• Biodiversity;
  • bivalve;
  • diversification;
  • extinction;
  • origination;
  • palaeoclimate



To identify the role of climate variations over geological time in shaping present-day diversity patterns, particularly the latitudinal diversity gradient (LDG; the decrease of taxonomic diversity from low towards high latitudes), using marine bivalves as a model system.




We use the fossil record of extant and extinct bivalve taxa and information on global palaeoclimate states to evaluate how the climate state at the beginning of the evolutionary history of individual families influenced (a) their diversification dynamics through subsequent climate changes and (b) their present-day LDG. For (a), we estimated per-family genus origination and extinction rates during the last cool interval in the late Cenozoic and overall genus origination and extinction rates since the early Palaeozoic. For (b), we compared LDG slopes and oldest fossil occurrences of extant families with palaeoclimate data. We also tested whether such dynamics vary with life habits.


Families that originated in warm intervals tend to have higher extinction rates in the (cool) late Cenozoic and occasionally in other cool intervals. However, in contrast to the results of Romdal et al. (Global Ecology and Biogeography, 2013, 22, 344–350), present-day LDG slopes do not vary with the climate state at the time of family origination, regardless of the palaeoclimatic scheme used. Infaunal living families have marginally higher origination rates in the late Cenozoic, but their LDG slopes do not differ significantly from the epifaunal families. In contrast, feeding habit appears to affect family LDG slopes, but not late Cenozoic diversification rates.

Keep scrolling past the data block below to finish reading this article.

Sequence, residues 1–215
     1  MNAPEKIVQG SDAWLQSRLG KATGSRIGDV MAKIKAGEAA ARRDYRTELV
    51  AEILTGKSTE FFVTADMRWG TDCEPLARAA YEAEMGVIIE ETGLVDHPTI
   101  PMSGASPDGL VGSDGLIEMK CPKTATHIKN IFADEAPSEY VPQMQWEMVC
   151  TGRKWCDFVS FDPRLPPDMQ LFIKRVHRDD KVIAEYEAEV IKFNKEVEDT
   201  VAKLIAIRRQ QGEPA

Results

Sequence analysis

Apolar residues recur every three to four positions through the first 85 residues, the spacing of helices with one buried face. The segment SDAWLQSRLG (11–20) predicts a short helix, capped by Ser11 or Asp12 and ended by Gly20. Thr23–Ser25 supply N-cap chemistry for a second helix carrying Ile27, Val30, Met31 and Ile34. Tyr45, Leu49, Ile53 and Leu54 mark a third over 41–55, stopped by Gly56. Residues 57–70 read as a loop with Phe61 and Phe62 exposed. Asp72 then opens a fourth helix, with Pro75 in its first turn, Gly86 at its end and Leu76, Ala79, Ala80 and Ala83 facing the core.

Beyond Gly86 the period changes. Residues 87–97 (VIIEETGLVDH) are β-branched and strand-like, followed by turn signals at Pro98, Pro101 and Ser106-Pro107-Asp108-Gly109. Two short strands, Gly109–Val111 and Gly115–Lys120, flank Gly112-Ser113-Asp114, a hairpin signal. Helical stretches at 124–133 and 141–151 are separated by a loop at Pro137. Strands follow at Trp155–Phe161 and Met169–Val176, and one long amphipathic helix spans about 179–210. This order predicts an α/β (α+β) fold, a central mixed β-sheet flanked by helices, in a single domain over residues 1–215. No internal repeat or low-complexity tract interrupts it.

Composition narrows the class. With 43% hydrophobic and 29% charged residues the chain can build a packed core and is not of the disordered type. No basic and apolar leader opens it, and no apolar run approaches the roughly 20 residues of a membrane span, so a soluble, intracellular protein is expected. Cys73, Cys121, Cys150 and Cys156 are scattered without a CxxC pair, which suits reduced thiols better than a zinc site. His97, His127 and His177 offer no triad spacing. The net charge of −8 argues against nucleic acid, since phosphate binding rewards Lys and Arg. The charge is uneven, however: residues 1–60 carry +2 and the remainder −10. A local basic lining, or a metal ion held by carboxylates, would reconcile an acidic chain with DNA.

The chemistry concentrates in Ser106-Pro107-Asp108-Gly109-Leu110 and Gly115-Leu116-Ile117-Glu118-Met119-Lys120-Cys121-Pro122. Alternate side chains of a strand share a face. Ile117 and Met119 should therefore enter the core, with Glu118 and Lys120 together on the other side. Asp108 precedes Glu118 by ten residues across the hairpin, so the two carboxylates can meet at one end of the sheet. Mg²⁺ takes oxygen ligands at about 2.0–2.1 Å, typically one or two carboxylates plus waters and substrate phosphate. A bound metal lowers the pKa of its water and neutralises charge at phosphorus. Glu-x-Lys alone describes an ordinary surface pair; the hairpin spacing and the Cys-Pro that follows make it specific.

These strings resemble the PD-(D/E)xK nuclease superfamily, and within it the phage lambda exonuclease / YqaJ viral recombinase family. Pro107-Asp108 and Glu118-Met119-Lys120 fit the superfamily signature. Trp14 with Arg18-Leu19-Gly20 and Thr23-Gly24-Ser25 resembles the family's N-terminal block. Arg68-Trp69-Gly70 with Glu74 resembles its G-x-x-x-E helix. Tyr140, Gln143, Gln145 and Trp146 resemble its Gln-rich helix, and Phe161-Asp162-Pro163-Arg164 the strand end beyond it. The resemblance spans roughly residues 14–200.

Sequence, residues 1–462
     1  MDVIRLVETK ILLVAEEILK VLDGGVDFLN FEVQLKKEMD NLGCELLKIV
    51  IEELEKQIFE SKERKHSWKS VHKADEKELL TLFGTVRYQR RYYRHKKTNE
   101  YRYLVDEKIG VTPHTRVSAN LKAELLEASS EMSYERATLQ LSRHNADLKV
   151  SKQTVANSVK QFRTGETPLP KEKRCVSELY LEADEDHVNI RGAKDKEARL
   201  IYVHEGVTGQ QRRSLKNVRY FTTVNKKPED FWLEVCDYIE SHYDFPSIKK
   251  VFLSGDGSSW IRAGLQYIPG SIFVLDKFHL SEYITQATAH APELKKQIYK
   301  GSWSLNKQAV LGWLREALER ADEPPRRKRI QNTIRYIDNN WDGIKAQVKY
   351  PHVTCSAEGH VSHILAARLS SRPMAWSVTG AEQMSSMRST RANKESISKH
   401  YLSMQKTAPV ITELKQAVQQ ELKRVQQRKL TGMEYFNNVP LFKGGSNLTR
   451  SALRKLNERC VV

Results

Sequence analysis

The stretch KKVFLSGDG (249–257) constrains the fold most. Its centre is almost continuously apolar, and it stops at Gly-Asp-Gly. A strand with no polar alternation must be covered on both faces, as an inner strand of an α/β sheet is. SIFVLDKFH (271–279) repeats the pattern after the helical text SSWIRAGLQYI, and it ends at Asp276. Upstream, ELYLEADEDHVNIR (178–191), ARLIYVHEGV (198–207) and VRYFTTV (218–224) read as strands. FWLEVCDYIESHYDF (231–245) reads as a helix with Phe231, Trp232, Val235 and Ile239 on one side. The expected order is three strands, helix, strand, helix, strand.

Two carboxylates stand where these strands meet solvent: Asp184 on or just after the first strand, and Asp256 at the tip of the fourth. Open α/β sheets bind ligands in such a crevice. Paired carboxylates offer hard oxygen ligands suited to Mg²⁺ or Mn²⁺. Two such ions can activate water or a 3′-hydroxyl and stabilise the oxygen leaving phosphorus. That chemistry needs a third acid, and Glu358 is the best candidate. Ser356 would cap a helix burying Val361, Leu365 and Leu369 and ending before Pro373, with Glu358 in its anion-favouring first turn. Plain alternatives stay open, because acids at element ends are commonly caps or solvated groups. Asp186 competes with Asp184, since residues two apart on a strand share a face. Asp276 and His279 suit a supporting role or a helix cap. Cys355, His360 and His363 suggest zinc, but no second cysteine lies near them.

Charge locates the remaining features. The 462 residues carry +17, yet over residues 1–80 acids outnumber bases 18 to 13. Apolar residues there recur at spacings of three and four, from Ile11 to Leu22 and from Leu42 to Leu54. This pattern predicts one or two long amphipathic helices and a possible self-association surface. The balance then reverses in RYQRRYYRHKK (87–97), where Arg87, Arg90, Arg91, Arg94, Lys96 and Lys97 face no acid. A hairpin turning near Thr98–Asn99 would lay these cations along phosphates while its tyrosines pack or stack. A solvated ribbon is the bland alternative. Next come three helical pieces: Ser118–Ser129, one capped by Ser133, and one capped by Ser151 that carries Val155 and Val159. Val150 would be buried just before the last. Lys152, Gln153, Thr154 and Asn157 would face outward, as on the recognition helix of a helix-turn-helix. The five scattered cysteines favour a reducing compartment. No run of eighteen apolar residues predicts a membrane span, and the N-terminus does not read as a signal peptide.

Main conclusion

For marine bivalves, ancestral climate state appears to influence subsequent diversification dynamics with clades originating in warm intervals showing higher extinction rates during intervals of global cooling, but ancestral climate has no detectable influence on present-day LDGs.